1199SEIU Training and Employment Funds join with public and private partners to launch nationally recognized New York health care apprenticeshipNovember 16, 2016
Nation’s largest labor-management training fund kicks off National Apprenticeship Week with groundbreaking new program
NEW YORK — The 1199SEIU Training and Employment Funds launched a Community Health Worker Apprenticeship program, which is a partnership between 1199SEIU UHWE, NYC Department of Small Business Services through the New York Alliance for Careers in Healthcare, Bronx Lebanon Hospital Center, LaGuardia Community College and the Training Fund. The new program kicked off on the first day of National Apprenticeship Week.
“The Community Health Worker Apprenticeship program is a groundbreaking initiative that addresses the growing need for community health workers (CHWs),” said 1199SEIU Training and Employment Funds Executive Director Sandi Vito. “This isn’t your traditional apprenticeship; rather, it’s a new program to fill a growing demand created by community health care models.”
Unlike apprenticeships of the past, which typically were in trade industries, the CHW Apprenticeship program focuses on training frontline healthcare workers. CHWs have emerged as one of the most vital actors in the modern healthcare marketplace, which is increasingly focusing on ambulatory and preventative care. According to Department of Labor, in 2015, there were 48,000 CHWs working in the U.S., up from 38,000 three years earlier, a 27 percent increase.
Despite the growing importance of CHWs to advance quality preventative care, there is currently no standardized certification or training for CHWs. In fact, CHWs often work under different job titles despite requiring similar skills and competencies. To meet the growing demands of this emergent occupation and to develop a universal, portable training model, the 1199SEIU Training and Employment Funds brought partners together, over the last 18 months, to identify the core competencies of CHWs and launch the new apprenticeship program.
“Connecting New Yorkers to high-quality, living wage jobs starts with offering training and apprenticeship programs that develop in-demand skills,” said Gregg Bishop, Commissioner of the NYC Department of Small Business Services. “With growing demand for community health workers, new training initiatives like this will empower workers and ensure high-quality patient care.”
As part of the program, Bronx Lebanon Hospital has hired and will thus pay the salaries of fifteen CHW apprentices. The six-month apprenticeship includes 168 hours of on-site classroom instruction (on both personal and release time), which will be provided by LaGuardia Community College and funded by NYC Department of Small Business Services through the New York Alliance for Careers in Healthcare. In addition, they there is an intense on-the-job learning component, in which apprentices will be paired with incumbent peer mentors throughout their training. The program stresses the importance of both clinical and cultural competency. CHWs must possess a unique blend of cultural awareness, community knowledge, clinical, nutritional and preventative health expertise. They serve as the eyes, ears and sometimes hands and feet of the community, as they venture into the homes of local residents to ensure they embrace healthy lifestyles and follow doctor’s clinical orders.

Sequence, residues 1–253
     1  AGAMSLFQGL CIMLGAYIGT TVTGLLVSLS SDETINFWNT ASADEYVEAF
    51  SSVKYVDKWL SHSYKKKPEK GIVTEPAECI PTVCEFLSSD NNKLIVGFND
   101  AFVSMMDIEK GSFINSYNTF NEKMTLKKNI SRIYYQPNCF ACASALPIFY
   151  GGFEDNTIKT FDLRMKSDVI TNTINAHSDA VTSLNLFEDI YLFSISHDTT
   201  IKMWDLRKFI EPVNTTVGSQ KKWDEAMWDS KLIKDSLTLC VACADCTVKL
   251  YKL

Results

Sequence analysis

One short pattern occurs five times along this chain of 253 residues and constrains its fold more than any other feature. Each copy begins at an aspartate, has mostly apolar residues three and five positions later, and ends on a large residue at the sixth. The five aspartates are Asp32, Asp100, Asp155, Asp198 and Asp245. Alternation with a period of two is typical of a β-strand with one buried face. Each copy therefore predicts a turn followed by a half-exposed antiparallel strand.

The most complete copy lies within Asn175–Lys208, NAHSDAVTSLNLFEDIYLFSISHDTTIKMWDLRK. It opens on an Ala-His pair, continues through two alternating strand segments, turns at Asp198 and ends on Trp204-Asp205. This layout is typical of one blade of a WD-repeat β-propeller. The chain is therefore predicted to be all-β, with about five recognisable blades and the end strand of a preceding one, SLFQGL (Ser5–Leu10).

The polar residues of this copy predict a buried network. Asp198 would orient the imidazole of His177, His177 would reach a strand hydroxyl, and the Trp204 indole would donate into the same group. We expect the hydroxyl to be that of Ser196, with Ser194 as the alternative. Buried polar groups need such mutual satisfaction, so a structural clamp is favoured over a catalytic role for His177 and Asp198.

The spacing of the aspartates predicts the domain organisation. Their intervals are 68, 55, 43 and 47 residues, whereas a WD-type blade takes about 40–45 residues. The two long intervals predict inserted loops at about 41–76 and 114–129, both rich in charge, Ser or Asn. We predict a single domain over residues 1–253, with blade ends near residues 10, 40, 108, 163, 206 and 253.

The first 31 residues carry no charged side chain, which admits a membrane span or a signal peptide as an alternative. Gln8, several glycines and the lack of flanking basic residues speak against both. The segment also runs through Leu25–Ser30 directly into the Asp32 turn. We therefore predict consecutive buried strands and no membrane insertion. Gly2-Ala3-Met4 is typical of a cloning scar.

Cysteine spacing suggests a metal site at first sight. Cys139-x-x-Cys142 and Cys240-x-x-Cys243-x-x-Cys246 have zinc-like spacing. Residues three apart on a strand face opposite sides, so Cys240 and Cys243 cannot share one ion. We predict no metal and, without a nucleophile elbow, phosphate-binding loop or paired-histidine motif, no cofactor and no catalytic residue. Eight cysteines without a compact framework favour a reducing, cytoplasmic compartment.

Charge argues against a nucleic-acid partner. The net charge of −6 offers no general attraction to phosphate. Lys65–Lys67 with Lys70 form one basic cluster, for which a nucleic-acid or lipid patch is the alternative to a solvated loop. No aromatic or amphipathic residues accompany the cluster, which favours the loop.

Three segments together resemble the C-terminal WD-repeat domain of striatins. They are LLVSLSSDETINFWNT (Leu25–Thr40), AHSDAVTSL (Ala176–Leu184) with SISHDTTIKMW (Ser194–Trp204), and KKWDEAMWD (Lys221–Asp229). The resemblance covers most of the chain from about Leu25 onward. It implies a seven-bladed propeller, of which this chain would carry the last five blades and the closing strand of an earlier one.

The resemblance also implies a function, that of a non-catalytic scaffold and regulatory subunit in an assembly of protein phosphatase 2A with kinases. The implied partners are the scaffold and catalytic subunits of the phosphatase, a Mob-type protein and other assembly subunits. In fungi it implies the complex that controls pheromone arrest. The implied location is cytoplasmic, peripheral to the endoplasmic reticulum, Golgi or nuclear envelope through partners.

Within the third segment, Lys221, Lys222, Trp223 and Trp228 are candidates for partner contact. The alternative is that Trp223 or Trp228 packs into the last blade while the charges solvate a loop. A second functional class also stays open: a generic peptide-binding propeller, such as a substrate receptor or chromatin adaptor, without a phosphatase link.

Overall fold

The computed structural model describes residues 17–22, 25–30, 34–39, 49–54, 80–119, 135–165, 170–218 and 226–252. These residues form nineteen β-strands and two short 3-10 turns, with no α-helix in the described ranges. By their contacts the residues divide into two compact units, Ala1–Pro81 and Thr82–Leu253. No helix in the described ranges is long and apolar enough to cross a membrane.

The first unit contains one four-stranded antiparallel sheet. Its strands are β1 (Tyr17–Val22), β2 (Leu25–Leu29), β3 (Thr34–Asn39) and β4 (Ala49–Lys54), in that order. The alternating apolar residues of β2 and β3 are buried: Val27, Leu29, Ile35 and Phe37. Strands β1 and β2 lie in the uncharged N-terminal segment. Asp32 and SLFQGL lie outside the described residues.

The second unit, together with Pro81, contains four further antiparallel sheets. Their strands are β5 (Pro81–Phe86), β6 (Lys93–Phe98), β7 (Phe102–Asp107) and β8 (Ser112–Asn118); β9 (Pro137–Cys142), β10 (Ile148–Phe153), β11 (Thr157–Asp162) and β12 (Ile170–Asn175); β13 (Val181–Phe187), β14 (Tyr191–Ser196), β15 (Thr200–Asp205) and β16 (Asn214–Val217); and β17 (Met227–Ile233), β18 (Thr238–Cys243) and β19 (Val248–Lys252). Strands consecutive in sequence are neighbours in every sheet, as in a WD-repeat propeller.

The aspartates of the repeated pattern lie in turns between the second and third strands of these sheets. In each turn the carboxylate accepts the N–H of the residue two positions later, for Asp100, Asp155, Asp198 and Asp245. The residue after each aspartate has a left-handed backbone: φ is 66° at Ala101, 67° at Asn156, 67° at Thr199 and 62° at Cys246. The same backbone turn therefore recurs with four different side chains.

“Bronx-Lebanon’s community health workers will be taking on a most important role in our continuing efforts to Promote and Achieve Health Care Excellence for the patients and communities we serve,” stated Dr. Doug Reich, Chairman, Family Medicine, Bronx-Lebanon Hospital Center.
CHWs also help community members access vital social services, make referrals to various benefits programs, provide basic medical care and informal counseling. CHWs’ social and cultural capital affords them the ability to serve as trustworthy intermediaries between health and social services and the community. Their health and social interventions nurture a sense of belonging and empower local residents to self-advocate for the benefit of the health and wellness of their communities.
Once apprentices successfully complete the program, they will be promoted to CHW and raised to the appropriate salary for that position. Upon completion, apprentices also will receive a national credential from the U.S. Department of Labor Office of Apprenticeships.
The 1199SEIU Training and Employment Funds are in the process of registering the CHW apprenticeship with the New York State Department of Labor which would provide a second (state) credential and open up new partnerships.
“The Community Health Worker Apprenticeship program provides 1199SEIU members with an opportunity to enhance their skills and move up the career ladder, while also providing vital health care services in their communities,” said 1199SEIU United Healthcare Workers East President George Gresham. “This is an effective model to give health care workers the training they need to improve access to health care."
The 1199SEIU Training and Employment Funds provide education and training programs, career counseling and other assistance to health care workers across the industry, including the hospital, nursing home, ambulatory and home care sectors. These programs support workers as they learn new skills, meet certification requirements and advance their careers. The Funds partner with employers and the union to implement these innovative programs to improve the quality of care and strengthen the workforce.